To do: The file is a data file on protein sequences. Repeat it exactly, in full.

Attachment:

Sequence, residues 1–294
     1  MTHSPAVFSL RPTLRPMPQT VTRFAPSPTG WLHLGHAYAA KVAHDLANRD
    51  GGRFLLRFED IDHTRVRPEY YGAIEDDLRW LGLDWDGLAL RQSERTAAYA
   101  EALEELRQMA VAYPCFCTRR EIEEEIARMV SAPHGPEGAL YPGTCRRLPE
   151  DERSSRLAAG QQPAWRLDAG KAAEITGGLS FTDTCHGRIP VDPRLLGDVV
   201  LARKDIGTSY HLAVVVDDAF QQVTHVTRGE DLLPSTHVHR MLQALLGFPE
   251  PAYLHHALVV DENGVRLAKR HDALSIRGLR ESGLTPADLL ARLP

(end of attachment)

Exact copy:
Sequence, residues 1–294
     1  MTHSPAVFSL RPTLRPMPQT VTRFAPSPTG WLHLGHAYAA KVAHDLANRD
    51  GGRFLLRFED IDHTRVRPEY YGAIEDDLRW LGLDWDGLAL RQSERTAAYA
   101  EALEELRQMA VAYPCFCTRR EIEEEIARMV SAPHGPEGAL YPGTCRRLPE
   151  DERSSRLAAG QQPAWRLDAG KAAEITGGLS FTDTCHGRIP VDPRLLGDVV
   201  LARKDIGTSY HLAVVVDDAF QQVTHVTRGE DLLPSTHVHR MLQALLGFPE
   251  PAYLHHALVV DENGVRLAKR HDALSIRGLR ESGLTPADLL ARLP